Pope Francis set the tone for the 42nd session IFAD’s annual Governing Council by saying that hunger can be made a part of the world’s past, but only if all institutions and people work together, and only if these efforts are owned locally and driven by those who are suffering most, as architects of their own development.
“We have to see to it that each person, each community can utilize their own capacities to live a full life with dignity,” Pope Francis said, adding that IFAD’s contribution is essential for “eradication of poverty, the fight against hunger and the promotion of food sovereignty.”
In his opening remarks during the first day of the annual meeting, IFAD's President Gilbert F. Houngbo said that while IFAD's mission “remains a guiding light in a rapidly changing world,” there must be adjustment if we are to meet the needs of the most marginalized people. "Innovation remains essential for IFAD to continue to invest in rural people and their communities, and to do its part to end poverty and hunger," he added.
Citing the strong collaboration between IFAD and its host country, Italian Prime Minister Giuseppe Conte said that “our common goal must be to strive and contribute to the development of a mature and sustainable African entrepreneurship, and to support young people and women,” noting that women “have always been the fulcrum of the rural economy," as well as “custodians of the earth and the first responsible for the care of new generations.”
“On our continent the inequalities are deep, if we talk about opportunities they are not the same for those who are born male or female ... to be born in the capital or to be born in a rural area,” said Danilo Medina Sánchez, President of the Dominican Republic, who reaffirmed his commitment to closing the inequality gap and continuing to build “hope” in rural areas.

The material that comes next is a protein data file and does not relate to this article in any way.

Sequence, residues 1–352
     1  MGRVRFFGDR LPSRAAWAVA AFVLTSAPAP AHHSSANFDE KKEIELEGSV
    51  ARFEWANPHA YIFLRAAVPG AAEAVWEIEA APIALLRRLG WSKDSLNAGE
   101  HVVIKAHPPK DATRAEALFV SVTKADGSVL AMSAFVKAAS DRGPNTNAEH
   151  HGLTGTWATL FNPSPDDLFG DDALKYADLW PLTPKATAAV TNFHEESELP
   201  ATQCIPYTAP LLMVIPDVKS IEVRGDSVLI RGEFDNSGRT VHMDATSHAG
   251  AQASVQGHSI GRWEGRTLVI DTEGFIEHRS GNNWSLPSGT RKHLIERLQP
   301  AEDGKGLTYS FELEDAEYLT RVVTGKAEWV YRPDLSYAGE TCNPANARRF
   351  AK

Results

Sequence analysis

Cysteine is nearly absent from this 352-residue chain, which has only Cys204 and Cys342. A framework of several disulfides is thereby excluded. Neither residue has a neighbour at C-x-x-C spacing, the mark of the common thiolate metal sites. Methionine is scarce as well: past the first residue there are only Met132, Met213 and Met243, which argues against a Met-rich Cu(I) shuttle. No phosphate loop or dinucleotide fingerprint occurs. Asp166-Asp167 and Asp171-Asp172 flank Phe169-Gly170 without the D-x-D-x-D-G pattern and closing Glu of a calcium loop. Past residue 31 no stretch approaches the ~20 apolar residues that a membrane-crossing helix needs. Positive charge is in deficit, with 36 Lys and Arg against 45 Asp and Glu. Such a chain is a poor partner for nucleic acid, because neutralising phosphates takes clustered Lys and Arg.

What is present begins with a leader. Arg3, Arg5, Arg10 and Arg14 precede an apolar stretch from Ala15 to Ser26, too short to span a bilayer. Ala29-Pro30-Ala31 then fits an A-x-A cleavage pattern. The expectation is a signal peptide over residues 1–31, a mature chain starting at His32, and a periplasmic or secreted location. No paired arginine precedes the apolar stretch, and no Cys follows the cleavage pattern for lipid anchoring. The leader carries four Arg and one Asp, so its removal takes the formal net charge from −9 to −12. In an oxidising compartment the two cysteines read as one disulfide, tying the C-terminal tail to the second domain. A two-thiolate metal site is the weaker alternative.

After performing a work by Johann Sebastian Bach, world-renowned violinist and UN Messenger of Peace, Midori, called on Pope Francis and other world leaders in attendance at the Governing Council meeting to believe in the transformative power of women and girls in underserved remote communities.
“I am inviting you to come together and stand on the right side of history by investing more in young rural people, and the communities where they live,” award-winning choreographer, dancer and actress Sherrie Silver said just after being announced as the UN specialized agency’s Advocate for Rural Youth.
“It is with great delight that we welcome Sherrie Silver as our new Advocate for Rural Youth,” said Charlotte Salford, Associate Vice-President of External Relations and Governance Department at IFAD. “Dance and music are great unifiers. They help young people to express themselves and unite groups of people across cultures and countries.”
In her presentation about the recently launched EAT-Lancet Commission report, Gunhild Stordalen, Executive Chair of the EAT Foundation, spoke about a need for innovation in partnerships.
“Everyone needs to be invited to the table,” Stordalen said. “We need new ways to ensure rural people are included and empowered, and allow them to share their knowledge and to take part in new business opportunities such as giving them access to finance and capital as well as to fair markets. I am happy to see how IFAD is taking the lead to address this agenda and bringing forward solutions to make this happen.”
Leaders of the 4th Global Forum of the Indigenous Peoples' Forum, who gathered at IFAD headquarters for two days leading up to this year's Governing Council, are photographed in a private meeting with Pope Francis.
Italian celebrity chef Carlo Cracco, in support of IFAD's Recipes for Change campaign, tells IFAD's governors about his experience visiting IFAD projects in Cambodia and Morocco where he saw an IFAD-supported project in action, working with farmers to adapt to the impacts of climate change.
IFAD, along with the European Union, the African, Caribbean and Pacific Group of States (ACP), the Government of Luxembourg and the Alliance for a Green Revolution in Africa (AGRA), launched the Agri-Business Capital (ABC) Fund to help rural entrepreneurs in the agricultural sector access the finance they need to grow their businesses and create jobs for poor rural people, in particular young people.
The aim of the ABC Fund is to generate private sector investment in rural small and medium-sized enterprises (SMEs), farmers' organizations and smallholder farmers' groups which often find it hard to access finance from traditional institutions who view them as too risky.